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Tip from Maymont: Emerald Ash Borer Pest


(knocking)>>You might wonder
what I’m doing. I’m actually checking for
the soundness of a tree. We’ve been watching this
tree here at Maymont for a few weeks now, and now it’s time to investigate
to see what the issue is. This is an ash tree. And you may not
have heard by now, but I hope you have is that Virginia is being infested
with Emerald Ash Borers. Its abbreviation is EAB. And this is a beetle, you can see I’ve done a
little bit of chipping away, but it’s a beetle that actually
burrows underneath the bark in the cambium layer, which
is the area of the tree where all the action is,
where its life processes are. And I’m chipping away
some of the bark to expose even more of these
classic S shaped tunnels, which is the perfect way
of identifying that yes, this ash tree is truly infested
with emerald ash borer. Another technique to use though, is to look for the exit
holes of the adult beetle. This is an exit hole
that is round in shape, but it has a
distinctive flat side like the capital letter D. Another point to consider
is to looking at the leaves, you’ll actually start
seeing notches in the leaves where the adult beetles
are feeding on them throughout the season. And the tree’s response
to all of this stress is you’ll see sprouting
along the trunk. Another thing you’ll
see along the trunk are woodpecker holes
as the woodpeckers come and start actually
feeding on the larvae that are buried underneath. And finally, of course,
the most obvious, you’ll start seeing some
dieback in the crown. And that’s the very
first indicator that you may have a
problem with your ash tree. Telltale signs as I’ve
gone over, are very clear, but the life cycle
is kind of hidden. In May, the adult beetle emerges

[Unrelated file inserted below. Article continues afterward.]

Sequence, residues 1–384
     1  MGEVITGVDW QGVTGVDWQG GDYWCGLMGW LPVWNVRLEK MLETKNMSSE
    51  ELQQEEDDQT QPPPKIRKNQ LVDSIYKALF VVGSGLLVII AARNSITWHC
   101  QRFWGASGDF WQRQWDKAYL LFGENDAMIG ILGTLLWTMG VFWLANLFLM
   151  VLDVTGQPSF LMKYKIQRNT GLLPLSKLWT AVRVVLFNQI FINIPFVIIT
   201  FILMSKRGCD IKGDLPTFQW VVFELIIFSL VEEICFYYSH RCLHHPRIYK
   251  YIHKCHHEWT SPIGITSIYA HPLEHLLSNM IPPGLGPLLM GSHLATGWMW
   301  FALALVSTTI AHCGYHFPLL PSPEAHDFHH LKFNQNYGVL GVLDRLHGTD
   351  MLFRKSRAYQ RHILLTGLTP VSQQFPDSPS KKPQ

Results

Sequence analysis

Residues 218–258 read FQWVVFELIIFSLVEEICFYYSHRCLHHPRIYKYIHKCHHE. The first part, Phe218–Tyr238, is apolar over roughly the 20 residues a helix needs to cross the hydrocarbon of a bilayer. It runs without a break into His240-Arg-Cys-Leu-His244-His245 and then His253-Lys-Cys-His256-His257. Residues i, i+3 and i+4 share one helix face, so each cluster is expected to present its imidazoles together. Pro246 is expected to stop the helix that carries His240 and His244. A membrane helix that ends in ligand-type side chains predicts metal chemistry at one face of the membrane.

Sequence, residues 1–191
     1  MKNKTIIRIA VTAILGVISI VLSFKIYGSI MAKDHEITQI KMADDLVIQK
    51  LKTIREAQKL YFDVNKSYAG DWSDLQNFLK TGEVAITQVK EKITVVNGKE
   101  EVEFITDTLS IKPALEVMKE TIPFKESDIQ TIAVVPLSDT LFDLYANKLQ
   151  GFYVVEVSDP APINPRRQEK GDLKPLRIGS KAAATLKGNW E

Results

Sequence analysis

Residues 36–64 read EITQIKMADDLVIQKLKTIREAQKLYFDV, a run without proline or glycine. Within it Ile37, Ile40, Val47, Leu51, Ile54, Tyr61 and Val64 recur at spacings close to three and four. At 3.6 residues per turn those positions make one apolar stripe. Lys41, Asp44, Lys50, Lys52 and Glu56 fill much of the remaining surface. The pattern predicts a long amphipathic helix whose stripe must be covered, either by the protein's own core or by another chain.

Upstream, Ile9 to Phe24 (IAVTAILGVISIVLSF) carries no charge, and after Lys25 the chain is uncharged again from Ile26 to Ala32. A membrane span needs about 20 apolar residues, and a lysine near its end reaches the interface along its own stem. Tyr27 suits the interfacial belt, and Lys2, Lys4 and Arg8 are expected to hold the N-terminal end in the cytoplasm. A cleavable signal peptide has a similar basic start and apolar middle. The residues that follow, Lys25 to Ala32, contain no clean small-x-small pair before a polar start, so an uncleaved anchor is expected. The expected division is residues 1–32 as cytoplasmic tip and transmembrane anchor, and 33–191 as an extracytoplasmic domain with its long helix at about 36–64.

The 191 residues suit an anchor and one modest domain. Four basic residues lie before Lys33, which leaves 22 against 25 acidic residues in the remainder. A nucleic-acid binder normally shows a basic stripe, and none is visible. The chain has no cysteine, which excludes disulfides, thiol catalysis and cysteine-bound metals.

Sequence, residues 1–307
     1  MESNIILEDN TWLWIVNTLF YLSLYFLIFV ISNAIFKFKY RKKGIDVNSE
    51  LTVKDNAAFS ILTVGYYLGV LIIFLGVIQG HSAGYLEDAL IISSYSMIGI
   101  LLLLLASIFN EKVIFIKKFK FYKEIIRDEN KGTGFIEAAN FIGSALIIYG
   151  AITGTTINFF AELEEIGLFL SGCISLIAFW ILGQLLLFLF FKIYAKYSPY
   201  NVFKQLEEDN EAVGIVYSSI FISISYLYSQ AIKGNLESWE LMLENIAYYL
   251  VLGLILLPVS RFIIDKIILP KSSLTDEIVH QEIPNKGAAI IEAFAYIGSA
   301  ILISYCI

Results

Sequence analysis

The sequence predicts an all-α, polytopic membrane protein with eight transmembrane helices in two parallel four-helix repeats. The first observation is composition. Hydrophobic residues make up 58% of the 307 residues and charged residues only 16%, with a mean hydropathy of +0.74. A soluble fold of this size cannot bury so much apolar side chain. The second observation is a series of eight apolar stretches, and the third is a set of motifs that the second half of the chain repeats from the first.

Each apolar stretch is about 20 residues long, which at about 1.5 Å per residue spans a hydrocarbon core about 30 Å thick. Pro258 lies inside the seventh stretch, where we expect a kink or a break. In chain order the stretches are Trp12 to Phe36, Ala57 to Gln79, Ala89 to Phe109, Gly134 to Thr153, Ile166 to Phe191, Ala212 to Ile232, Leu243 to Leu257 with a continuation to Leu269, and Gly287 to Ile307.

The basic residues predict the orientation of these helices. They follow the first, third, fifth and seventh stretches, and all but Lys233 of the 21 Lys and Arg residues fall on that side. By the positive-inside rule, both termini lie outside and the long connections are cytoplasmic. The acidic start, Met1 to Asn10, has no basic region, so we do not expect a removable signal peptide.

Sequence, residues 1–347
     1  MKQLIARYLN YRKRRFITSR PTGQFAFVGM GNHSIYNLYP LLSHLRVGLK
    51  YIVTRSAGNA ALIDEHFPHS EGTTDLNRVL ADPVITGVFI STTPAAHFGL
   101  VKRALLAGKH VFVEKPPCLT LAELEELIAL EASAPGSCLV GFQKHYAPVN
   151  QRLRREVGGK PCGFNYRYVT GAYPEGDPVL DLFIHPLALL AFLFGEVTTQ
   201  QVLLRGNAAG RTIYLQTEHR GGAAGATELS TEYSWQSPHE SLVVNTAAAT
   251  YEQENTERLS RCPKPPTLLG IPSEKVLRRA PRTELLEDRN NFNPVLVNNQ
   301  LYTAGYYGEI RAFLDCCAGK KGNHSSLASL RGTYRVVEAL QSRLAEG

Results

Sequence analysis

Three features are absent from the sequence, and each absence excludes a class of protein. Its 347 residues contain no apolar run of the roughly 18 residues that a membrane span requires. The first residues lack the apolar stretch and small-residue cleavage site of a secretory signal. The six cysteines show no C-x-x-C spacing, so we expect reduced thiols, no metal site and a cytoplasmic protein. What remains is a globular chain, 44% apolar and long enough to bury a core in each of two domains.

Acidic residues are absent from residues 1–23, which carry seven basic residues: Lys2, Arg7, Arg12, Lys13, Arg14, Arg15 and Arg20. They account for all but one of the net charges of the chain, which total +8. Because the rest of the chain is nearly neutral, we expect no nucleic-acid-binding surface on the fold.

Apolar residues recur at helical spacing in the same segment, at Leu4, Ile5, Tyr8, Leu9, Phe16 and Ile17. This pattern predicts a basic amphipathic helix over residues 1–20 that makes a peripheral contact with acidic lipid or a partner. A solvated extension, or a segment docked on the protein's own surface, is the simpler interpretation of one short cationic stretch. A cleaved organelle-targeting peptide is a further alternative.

through that D shaped hole and feeds through
mid to late summer. At that time, the female beetle
lays about 50 to 100 eggs in the cracks and
crevices of the bark. A week later those eggs hatch
and the small larvae burrows back into the bark underneath
to that cambium layer. They’ll actually
grow there feeding for the next couple of months until it gets too cold
and then they’ll stop. As the weather
warms in the spring, they actually pupate
into the adult form and come out of the tree
to start the life cycle all over again. At Maymont we’ve been having
a professional arborist inject our trees for
a number of years now, but we’ve missed one obviously. And our only course of action
now that this tree is infested is to take it down, remove
the wood from the site as well as grind the stump to totally remove any
trace of the ash tree to stop this cycle
of infestation. I encourage you to go out
and look at your ash trees. And if you have any
questions about them, contact your local
Cooperative Extension agent or contact an arborist
and ask them to come out and take a look at it as well. Because an ounce
of prevention here is equal to a pound of cure.

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